Chrysler shakes up executives

With sales down sharply and pressure to start generating cash before government loans run out, Chrysler Chief Executive Officer Sergio Marchionne shook up his executive team Monday, replacing two of his brand managers after just four months and splitting Dodge into car and truck units.

The changes show Marchionne's penchant for moving quickly and demanding performance, industry analysts say. But it's also a sign that all is not well inside the company's sprawling headquarters complex in the Detroit suburb of Auburn Hills.

"Something went wrong here," said Gary Dilts, a former Chrysler sales executive who is now senior vice president of global automotive operations for J.D. Power and Associates. "He's going to mix and match this team until he gets the chemical balance where he wants it."

Speed is crucial for Marchionne, who also runs Italy's Fiat Group SpA. It will be at least 18 months before Chrysler can launch a new car lineup based on smart, fuel-efficient Fiat designs. Until then, the third-largest U.S. car maker must survive with its current shaky lineup.

Marchionne, who led a stunning resurgence at Fiat, replaced Peter Fong, 45, as president and CEO of the Chrysler brand and Michael Accavitti, 50, as president and CEO of Dodge.

Fong also was the company's top sales executive, and both men appeared with Marchionne as the company's public faces just two weeks ago at the Frankfurt Auto Show in Germany.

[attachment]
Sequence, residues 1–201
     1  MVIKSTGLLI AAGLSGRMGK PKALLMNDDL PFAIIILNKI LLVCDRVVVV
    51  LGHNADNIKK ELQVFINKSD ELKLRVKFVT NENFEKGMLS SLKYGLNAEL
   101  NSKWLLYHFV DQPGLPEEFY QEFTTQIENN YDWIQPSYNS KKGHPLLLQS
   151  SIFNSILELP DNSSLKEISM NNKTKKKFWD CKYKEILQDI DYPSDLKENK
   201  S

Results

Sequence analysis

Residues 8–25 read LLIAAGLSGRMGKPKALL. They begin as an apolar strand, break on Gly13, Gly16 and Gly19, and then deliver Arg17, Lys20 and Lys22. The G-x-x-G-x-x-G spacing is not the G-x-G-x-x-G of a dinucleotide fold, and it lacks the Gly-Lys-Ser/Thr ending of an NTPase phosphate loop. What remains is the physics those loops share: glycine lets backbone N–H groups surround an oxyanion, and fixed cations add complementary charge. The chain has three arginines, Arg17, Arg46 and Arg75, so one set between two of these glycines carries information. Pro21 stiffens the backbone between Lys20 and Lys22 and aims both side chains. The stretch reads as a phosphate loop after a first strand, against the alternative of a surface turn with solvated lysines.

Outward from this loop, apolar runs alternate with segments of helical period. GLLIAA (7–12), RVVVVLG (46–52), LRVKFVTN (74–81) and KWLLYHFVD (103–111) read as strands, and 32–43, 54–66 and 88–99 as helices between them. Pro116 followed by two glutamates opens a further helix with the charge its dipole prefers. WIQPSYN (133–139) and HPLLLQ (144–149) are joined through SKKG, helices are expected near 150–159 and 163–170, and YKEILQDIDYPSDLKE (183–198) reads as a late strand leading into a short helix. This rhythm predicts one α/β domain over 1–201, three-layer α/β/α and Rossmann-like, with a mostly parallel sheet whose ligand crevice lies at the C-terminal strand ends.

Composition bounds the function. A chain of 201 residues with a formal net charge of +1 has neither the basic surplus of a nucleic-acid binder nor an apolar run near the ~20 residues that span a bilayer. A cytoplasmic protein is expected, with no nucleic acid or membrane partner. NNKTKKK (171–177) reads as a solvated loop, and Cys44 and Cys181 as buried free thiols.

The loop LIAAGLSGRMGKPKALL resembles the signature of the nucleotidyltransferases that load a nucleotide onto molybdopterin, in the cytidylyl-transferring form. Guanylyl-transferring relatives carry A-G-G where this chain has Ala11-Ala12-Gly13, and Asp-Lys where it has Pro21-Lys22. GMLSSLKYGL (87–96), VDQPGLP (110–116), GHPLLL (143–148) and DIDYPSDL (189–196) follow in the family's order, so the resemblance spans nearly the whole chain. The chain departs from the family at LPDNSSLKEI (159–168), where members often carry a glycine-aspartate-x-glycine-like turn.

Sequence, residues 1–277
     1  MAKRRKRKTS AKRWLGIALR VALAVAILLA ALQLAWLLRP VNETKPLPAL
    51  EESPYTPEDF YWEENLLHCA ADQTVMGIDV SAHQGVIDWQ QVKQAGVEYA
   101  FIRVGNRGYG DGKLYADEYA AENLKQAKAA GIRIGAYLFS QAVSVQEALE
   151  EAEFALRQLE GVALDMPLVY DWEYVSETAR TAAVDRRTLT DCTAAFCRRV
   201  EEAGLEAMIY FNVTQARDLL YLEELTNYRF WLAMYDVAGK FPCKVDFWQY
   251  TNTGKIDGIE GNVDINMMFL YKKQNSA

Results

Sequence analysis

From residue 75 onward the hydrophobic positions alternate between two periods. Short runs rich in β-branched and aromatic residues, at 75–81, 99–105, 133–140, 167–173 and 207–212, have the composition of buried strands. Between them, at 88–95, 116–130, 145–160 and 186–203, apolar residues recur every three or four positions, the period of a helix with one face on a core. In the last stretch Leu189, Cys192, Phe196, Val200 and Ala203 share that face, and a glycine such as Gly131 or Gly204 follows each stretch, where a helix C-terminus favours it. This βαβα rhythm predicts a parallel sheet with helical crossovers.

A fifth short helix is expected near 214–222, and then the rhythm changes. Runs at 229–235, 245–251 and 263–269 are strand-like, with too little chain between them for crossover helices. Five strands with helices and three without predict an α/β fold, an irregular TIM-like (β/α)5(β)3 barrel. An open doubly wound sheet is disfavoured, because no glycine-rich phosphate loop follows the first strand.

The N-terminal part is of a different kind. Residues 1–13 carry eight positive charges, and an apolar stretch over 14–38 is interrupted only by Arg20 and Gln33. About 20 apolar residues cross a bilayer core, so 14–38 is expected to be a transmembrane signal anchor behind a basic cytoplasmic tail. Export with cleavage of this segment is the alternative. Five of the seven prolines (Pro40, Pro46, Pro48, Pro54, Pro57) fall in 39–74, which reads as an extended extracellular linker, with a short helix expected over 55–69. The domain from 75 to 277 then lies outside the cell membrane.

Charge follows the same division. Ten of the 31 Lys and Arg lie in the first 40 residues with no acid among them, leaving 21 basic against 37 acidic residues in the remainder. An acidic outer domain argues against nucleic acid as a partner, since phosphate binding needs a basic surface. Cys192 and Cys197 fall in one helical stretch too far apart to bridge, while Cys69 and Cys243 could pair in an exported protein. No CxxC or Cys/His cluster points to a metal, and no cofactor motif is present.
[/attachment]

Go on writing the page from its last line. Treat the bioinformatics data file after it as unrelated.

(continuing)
But the moves come just four days after Chrysler reported a 42-percent drop in September sales, compared with the same month a year earlier. Through the first nine months of the year, Chrysler sales are off 39 percent, the largest drop of any major automaker.

Among Chrysler's problems is a weak lineup of midsize cars. Its current entries, the Sebring and Avenger, have sold poorly and have received low quality ratings from J.D. Power and Associates and Consumer Reports magazine, which found them inferior to the top-selling Toyota Camry and other competitors.

The Sebring-Avenger replacement will be based on a Fiat compact that will be stretched and widened to fit a midsize car.

Marchionne promises to introduce a new lineup chock with Fiat small and midsize cars in November, and separating out Dodge's car business will help rebuild its image.

The new offerings will also include trucks and larger cars from Chrysler that he hopes will be more appealing to Americans. The company's namesake brand will try to steal customers from Cadillac and other luxury brands.

Chrysler has been mostly mum about its new product plan. Even dealers have been kept in the dark.

Splitting the Dodge brand into truck and car operations mimics what Marchionne did with Fiat, where he successfully separated commercial vehicles from passenger cars, said Chrysler spokesman Gualberto Ranieri.